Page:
Named for the longtime San Francisco benefactor of arts and charitable organizations Peter J. Owens (1936-91), this award honors an actor whose work exemplifies brilliance, independence and integrity.
The Peter J. Owens Award is made possible
by a grant from the Peter J. Owens trust at The
San Francisco Foundation. Gary Shapiro and Scott Owens, trustees.
Butch Cassidy and the Sundance Kid
An Evening with Robert Redford
Wednesday, April 29
7:30 pm Castro Theatre
429 Castro Street (near Market)
The Film Society is honored to present this year's Peter J. Owens Award to the incomparable Robert Redford. Leaping to the pinnacle of Hollywood stardom after his breakthrough role as the Sundance Kid, Redford's several decades of vital work express an intention of purpose and unwavering quality that remain exceptional. He will be celebrated in a series of retrospective clips followed by an onstage interview and a world premiere screening of a brand new print of Butch Cassidy and the Sundance Kid.
By Andy Bailey
A Hollywood executive famously quipped, "He's just another California blond-throw a stick at Malibu, you'll hit six of them!" That was before said blond went on to become the most bankable international male star of his time: an everyman matinee idol, at once accessible, impenetrable, untouchable, transforming blinding male beauty into box-office success.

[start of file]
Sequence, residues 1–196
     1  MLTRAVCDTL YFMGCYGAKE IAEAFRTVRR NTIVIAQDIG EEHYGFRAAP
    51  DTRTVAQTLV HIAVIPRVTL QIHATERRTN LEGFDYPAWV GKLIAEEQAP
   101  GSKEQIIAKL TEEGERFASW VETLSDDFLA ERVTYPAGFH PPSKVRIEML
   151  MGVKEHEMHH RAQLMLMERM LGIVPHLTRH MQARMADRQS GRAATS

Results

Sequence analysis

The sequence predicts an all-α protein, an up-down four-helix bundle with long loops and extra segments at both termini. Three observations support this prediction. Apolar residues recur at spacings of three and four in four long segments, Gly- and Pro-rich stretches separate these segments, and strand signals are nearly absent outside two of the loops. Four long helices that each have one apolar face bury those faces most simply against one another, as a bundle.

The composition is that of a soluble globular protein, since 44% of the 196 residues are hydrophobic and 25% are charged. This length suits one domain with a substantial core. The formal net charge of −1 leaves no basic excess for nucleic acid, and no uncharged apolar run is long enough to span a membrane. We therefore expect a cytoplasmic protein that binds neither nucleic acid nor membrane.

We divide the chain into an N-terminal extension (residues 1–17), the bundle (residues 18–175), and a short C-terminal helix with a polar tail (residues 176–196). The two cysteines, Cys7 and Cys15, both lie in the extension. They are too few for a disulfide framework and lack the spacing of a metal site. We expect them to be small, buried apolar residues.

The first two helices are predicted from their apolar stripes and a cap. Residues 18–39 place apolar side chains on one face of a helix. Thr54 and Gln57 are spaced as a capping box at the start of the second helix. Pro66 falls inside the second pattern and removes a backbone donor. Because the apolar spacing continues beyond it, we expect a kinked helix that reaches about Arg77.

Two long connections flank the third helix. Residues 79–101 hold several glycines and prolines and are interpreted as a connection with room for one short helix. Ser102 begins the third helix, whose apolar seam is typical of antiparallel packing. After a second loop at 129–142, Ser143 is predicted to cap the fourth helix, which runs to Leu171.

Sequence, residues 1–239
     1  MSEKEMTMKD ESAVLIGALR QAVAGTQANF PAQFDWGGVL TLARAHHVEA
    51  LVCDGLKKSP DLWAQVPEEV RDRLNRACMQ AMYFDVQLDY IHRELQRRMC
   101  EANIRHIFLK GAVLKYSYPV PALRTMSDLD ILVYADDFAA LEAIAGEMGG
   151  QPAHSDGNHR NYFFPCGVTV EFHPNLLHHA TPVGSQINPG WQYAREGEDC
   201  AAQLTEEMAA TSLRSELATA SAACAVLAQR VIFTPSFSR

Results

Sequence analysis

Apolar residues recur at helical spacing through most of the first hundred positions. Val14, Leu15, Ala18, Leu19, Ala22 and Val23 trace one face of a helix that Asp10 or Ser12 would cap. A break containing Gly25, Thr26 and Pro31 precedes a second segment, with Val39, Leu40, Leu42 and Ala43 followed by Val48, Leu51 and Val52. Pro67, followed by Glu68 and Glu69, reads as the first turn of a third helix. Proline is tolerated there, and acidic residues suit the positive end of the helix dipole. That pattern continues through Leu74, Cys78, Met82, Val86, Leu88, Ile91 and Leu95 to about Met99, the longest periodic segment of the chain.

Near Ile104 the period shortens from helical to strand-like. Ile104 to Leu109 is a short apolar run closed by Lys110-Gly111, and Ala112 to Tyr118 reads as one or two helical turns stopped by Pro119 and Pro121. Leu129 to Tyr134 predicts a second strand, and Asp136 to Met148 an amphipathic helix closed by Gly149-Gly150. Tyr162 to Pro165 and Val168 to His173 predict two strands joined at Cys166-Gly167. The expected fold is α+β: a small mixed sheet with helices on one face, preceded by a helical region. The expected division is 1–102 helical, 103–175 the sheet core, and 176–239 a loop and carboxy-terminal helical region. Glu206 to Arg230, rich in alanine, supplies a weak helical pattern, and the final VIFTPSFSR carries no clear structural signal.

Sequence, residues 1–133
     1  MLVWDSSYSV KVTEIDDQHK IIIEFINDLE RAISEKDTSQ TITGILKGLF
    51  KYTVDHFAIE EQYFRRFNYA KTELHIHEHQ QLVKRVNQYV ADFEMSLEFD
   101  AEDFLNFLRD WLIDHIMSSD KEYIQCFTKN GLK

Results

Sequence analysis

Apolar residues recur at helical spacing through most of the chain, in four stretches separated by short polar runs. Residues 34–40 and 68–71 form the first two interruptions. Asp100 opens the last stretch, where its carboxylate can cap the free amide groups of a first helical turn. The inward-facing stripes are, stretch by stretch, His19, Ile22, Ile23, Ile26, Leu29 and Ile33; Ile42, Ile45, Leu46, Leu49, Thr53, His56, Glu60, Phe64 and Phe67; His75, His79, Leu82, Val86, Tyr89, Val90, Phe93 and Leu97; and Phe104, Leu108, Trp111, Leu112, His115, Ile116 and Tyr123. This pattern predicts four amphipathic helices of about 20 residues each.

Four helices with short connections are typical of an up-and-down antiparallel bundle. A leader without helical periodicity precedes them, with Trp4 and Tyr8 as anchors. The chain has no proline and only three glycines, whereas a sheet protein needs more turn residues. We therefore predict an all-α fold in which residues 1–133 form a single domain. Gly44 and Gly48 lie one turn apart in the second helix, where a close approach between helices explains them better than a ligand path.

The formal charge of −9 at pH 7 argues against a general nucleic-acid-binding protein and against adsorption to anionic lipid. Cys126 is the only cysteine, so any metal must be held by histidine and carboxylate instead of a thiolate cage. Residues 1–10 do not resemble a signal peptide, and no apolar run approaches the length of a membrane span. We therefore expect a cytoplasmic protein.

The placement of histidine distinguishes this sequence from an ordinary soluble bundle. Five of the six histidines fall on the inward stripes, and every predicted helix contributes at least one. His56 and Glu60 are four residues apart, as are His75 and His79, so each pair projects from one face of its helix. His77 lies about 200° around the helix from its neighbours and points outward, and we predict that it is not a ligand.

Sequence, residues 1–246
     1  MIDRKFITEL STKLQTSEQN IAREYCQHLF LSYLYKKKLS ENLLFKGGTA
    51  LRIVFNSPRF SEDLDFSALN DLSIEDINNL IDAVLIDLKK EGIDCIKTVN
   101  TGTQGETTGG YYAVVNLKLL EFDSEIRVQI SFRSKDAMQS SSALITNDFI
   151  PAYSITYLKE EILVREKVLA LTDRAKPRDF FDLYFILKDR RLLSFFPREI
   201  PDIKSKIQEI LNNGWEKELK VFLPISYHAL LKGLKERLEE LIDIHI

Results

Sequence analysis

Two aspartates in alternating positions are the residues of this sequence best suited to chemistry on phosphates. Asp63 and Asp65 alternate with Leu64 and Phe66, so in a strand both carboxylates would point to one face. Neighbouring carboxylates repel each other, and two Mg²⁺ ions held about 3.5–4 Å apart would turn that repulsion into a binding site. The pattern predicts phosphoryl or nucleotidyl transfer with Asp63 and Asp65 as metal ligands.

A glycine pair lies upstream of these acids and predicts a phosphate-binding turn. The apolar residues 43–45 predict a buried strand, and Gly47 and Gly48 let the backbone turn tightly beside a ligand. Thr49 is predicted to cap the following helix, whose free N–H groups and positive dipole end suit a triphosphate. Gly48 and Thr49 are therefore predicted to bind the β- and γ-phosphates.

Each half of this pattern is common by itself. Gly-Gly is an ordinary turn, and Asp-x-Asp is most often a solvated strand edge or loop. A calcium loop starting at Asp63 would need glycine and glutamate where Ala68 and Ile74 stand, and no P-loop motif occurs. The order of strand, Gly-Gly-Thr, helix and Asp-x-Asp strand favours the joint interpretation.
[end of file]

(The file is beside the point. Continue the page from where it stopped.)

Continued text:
Redford stands outside Hollywood proper, where he has never been one of the pack, with his quiet magnetism and cipher-like impenetrability belying hidden depths underneath that most handsome of faces. The one-time baseball scholarship student bit by the acting bug transformed a promising Broadway career into movie
gold through a series of iconic performances, each one greater in magnitude than the last.
The golden boy of '70s American cinema didn't swagger across the screen like McQueen, his principal rival among bankable male stars with international pull, nor did he step with De Niro's zeitgeist angst or Hoffman's chutzpah or Pacino's bossy machismo. Nicholson's rebellion and Reynolds' horseplay played to baser tastes, leaving Redford in a classier league of characters and performances, encapsulated in 1975 at the peak of his powers by the immortal and tragic Jay Gatsby, pining away in his Long Island estate: elegant, tortured, stoic, alone.
Gatsby was no Byronic hero and Redford was not easily pegged as the archetypal tall, dark and handsome figure with a past, a tendency that screenwriter William Goldman insisted the actor avoided from his inception, first as Broadway upstart, then TV player and, finally, big-screen icon, in his star-making turn as the Sundance Kid, opposite Paul Newman's bank-robbing Butch Cassidy, in George Roy Hill's rousing blockbuster, the first of the so-called buddy movies.